As you can see, I am apparently Pumpkin’s idol, and frankly, she could not have picked any other dog more worthy. The bonus that she’s cute and indifferent to all the treats she’s offered is the icing on the cake.

So we’ll see where this goes. We only had about 48 hours with Pumpkin this time, too short a span to make an informed decision. Let’s try out this new relationship for a bit before I offer to let her write a guest blog post or anything. Baby steps.

 

 

Chloë Greets the Newest Ms. Brown

My UPS guy

My  REAL UPS guy

Since my favorite UPS driver Kevin retired last fall, life just hasn’t been the same. I was making some headway with Craig, his replacement, thanks in large part to Mike giving him a box of dog biscuits on two separate occasions so he didn’t think I was just a beggar without redeeming value. Then Craig suddenly disappeared, and the succession of drivers who followed for the next several months did nothing to engage me or the other dogs on the West Magnolia route. (I heard all about these share complaints while hanging out in the canine chat room around the Dravus water cooler, I mean water tower.)

She went thataway!

She went thataway!

Finally, one day I heard the brown truck roll up our block, and I barked insistently enough that Mike got me leashed up and out the front door while the truck was still parked in front of the driveway next door to us. This time a smiling woman driver came bounding out of the truck with a big hello. There was no one else around, so I realized that she was saying hi to me! And before I even had a chance to squeal and writhe at her feet on the pavement, she reached into her brown shirt pocket and handed me a treat. Not thrown on the ground like Kevin did, but real my mouth-to-her hand contact. After Mike asked her if she would be the regular driver on this route, and she said she would be, she told us that Craig had left UPS to drive huge semi tucks on long-distance trips. Compared to the quiet streets of Magnolia, doesn’t seem a step up to me, but maybe Craig craved a more open road. Then Mike and I exchanged names with the new driver, and Donna gave me another treat.  I didn’t even have to ask.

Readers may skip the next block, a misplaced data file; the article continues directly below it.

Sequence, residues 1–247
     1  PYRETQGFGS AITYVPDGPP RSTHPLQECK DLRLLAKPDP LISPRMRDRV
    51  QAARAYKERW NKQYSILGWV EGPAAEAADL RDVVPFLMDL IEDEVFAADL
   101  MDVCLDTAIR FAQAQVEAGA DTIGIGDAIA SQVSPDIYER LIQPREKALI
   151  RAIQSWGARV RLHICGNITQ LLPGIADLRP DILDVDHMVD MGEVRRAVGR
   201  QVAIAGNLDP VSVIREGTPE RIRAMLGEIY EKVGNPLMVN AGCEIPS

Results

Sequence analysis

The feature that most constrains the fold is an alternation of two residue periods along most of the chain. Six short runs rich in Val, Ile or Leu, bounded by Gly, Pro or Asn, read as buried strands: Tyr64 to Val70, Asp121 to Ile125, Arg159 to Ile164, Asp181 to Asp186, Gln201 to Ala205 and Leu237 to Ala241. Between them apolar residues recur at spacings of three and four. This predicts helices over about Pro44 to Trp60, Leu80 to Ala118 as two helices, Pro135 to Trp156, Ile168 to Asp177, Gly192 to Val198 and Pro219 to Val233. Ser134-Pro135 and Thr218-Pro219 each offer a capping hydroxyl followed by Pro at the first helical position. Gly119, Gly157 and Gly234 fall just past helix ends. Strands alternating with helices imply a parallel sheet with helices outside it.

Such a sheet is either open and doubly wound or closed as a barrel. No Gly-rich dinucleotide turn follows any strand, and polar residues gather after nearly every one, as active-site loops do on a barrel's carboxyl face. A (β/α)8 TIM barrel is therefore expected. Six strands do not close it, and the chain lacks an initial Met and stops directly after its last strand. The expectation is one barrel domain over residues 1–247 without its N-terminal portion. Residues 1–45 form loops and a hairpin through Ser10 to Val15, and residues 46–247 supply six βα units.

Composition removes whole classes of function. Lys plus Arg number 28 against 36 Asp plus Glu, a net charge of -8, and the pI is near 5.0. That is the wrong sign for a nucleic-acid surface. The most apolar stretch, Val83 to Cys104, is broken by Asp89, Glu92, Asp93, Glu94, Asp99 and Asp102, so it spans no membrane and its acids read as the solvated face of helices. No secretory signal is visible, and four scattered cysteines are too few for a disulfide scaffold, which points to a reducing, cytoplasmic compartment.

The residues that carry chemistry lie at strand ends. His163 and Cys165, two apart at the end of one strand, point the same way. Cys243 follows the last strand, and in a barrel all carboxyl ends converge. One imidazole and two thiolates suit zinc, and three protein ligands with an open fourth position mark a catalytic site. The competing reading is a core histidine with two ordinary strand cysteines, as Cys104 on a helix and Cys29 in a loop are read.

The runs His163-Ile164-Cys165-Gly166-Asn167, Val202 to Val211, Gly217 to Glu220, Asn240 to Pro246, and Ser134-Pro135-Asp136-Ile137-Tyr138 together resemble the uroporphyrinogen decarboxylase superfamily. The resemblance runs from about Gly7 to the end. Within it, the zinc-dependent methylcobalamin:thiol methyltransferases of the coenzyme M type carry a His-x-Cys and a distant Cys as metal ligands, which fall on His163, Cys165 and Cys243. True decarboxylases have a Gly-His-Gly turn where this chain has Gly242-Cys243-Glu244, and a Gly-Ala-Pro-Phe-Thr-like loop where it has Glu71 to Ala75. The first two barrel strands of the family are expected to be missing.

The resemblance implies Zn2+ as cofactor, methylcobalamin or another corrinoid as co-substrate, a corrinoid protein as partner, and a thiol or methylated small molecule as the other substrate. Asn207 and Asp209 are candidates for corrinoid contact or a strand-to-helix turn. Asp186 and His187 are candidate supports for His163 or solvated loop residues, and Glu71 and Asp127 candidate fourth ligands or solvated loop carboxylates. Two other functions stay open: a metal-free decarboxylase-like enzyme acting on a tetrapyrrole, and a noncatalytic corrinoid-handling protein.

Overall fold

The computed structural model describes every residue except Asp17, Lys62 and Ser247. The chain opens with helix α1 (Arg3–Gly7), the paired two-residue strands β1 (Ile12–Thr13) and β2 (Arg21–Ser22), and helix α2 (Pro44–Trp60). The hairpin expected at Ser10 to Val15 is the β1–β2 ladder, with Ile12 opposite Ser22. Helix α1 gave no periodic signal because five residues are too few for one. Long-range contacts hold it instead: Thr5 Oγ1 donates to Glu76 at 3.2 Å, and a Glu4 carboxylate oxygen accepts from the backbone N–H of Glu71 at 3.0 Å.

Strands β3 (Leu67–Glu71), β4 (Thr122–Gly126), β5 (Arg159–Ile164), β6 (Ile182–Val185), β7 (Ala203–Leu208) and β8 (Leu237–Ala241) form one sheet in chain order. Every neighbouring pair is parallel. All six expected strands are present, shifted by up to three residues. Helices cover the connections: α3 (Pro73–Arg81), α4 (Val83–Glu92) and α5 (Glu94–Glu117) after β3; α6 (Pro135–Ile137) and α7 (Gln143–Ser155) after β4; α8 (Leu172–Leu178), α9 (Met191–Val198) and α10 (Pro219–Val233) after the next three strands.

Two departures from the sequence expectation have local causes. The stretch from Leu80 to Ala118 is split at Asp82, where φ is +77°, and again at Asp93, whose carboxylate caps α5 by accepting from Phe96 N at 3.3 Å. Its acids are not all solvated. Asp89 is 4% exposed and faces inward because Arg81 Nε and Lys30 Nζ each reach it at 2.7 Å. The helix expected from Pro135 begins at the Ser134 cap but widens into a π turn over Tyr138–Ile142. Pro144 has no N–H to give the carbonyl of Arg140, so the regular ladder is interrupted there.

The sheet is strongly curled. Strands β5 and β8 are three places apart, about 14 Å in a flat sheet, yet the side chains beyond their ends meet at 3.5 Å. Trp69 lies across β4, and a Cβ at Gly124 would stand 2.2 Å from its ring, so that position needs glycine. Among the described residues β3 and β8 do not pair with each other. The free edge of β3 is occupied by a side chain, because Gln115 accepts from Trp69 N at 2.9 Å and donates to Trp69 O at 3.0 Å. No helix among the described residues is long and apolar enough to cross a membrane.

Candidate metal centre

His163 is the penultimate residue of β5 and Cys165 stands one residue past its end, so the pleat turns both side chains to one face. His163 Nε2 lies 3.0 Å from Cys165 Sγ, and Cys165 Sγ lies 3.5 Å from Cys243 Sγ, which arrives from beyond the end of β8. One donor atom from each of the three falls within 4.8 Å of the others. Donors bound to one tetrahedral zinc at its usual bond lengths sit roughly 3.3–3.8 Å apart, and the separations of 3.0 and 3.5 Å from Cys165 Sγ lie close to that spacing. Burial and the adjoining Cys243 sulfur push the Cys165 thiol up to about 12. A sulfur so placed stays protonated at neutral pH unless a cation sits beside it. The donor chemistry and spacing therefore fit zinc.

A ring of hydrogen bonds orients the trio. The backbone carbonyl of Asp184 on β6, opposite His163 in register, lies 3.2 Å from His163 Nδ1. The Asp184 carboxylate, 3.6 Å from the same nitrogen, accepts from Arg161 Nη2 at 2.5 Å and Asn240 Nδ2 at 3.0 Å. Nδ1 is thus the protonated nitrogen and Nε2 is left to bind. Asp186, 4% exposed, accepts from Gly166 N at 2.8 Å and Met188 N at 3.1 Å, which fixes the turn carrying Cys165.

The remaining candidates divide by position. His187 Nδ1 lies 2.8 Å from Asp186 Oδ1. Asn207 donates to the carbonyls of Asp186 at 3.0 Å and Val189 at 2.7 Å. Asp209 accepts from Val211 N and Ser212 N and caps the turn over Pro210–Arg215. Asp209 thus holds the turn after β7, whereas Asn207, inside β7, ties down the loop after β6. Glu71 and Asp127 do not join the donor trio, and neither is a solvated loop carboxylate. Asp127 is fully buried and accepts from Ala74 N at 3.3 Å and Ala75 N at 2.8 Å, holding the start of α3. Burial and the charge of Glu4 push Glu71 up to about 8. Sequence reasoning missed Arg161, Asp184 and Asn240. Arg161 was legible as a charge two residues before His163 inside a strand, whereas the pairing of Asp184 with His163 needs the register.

What’s more, the next two times I saw Donna went even better: She remembered my name! Kevin, bless him, always called me Killer, but I’m sure he said that to all the dogs. Donna remembers my name and says that I’m “so cute.” That’s a direct quote.

On the trail

Stalking brown treats

I do have some quibbles, of course. First, she seems to have a lot of days off. I frequently see other UPS drivers make deliveries on our street, and none of those drivers know me and don’t seem to want to make any eye contact. Frankly, I’d like Donna to have a heavier workload, although I figure she’ll be a lot more regular in the run-up to the year-end holidays.